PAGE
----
This keeps our addToCart function small and clean but still puts us in a position to add more to it. If you are familiar with the SOLID principles of programming you maybe recognise the S (Single responsibility) and O (Open for extension, closed for modification) of this. By just raising an event we don't break the single responsibility principle and at the same time allow extension because we can now react to the dispatched event without the need to modify our original code.

In another part of our code (maybe in a file called tracking.js) we can now write the following code:

function addToCartHandler(event) {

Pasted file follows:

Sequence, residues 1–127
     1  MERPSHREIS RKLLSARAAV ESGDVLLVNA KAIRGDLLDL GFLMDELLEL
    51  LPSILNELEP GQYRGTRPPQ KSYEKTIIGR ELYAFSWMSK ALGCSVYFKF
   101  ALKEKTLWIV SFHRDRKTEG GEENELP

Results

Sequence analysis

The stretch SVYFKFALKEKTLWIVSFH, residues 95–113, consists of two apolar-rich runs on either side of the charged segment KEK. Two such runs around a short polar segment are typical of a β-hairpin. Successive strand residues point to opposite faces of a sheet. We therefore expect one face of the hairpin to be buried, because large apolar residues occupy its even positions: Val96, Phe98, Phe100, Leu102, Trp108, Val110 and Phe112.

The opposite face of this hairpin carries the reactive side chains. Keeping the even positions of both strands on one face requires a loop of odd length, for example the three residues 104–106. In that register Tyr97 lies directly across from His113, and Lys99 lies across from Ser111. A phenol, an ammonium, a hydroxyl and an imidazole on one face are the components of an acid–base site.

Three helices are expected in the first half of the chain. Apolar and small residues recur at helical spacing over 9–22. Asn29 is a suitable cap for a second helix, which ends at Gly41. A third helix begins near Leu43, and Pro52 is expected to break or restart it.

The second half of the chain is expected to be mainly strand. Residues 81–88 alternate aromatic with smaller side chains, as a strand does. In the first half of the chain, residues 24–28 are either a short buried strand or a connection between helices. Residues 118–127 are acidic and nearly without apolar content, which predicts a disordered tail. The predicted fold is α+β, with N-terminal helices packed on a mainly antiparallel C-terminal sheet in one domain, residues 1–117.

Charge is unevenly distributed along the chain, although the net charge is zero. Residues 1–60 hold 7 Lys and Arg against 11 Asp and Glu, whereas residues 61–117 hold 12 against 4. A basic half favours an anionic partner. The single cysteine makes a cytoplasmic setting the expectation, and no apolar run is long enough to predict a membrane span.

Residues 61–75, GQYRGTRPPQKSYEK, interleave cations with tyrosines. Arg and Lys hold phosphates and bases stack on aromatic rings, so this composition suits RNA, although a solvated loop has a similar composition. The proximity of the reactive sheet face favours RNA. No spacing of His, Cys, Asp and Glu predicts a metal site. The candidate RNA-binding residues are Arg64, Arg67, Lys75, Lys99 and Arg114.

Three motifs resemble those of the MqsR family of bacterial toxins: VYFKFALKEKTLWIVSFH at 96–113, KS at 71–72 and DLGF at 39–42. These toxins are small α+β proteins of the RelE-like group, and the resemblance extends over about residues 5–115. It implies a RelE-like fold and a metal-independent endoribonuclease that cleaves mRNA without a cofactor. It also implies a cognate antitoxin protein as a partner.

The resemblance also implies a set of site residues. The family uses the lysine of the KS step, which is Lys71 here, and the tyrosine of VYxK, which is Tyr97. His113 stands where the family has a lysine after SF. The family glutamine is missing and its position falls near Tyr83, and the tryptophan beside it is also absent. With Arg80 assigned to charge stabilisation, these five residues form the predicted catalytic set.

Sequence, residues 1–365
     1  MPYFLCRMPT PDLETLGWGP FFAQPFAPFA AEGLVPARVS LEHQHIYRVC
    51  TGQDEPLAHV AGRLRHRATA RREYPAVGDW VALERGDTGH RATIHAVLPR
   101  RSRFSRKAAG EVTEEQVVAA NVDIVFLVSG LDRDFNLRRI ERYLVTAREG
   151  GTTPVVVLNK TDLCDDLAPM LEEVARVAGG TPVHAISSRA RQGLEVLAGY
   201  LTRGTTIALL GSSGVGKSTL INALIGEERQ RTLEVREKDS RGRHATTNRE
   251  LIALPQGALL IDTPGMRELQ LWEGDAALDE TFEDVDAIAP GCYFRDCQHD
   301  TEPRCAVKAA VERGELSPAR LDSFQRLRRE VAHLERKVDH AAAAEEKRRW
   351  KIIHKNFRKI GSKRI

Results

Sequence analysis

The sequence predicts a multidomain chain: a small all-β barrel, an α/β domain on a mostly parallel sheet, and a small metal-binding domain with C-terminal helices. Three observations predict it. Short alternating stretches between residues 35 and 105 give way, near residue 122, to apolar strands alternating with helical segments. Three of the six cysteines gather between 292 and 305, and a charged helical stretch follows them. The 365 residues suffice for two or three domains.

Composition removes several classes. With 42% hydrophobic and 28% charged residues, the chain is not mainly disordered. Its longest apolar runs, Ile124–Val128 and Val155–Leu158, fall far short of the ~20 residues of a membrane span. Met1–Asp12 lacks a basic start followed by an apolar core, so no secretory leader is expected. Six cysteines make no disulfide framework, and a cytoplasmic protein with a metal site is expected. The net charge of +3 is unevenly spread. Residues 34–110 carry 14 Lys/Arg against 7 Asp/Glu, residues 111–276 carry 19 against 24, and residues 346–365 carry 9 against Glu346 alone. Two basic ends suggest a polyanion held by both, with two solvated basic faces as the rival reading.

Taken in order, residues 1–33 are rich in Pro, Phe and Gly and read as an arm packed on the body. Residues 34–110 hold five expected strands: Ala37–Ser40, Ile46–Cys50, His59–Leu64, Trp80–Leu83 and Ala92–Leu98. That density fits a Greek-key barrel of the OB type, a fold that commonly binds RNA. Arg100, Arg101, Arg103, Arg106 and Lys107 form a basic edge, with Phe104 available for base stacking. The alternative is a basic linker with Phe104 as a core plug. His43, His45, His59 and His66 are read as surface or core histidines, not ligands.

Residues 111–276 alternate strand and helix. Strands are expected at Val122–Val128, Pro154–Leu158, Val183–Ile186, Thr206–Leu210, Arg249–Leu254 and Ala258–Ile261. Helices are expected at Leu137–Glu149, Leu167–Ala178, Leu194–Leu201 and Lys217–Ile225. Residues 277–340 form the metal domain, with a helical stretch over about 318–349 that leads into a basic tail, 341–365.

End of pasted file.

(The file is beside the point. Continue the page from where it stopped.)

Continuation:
// the handler will accept the event
// you can access the payload from the `detail` property
const productId = event.detail.productId
// do your thing, like tracking or any other functionality
// attach your custom event listener
window.addEventListener('add-to-cart', addToCartHandler)
// 🎉 done!

You can attach as many handlers as you want and therefore append on your add-to-cart functionality as much as you need. If the need comes up to add another tracking library you can just attach another event listener and can leave your add-to-cart functionality completely unchanged, thus reducing the chance of introducing nasty bugs 🐛.

Interoperability between frameworks

Since custom events are native to the browser nothing prevents you from creating bridges between multiple frameworks.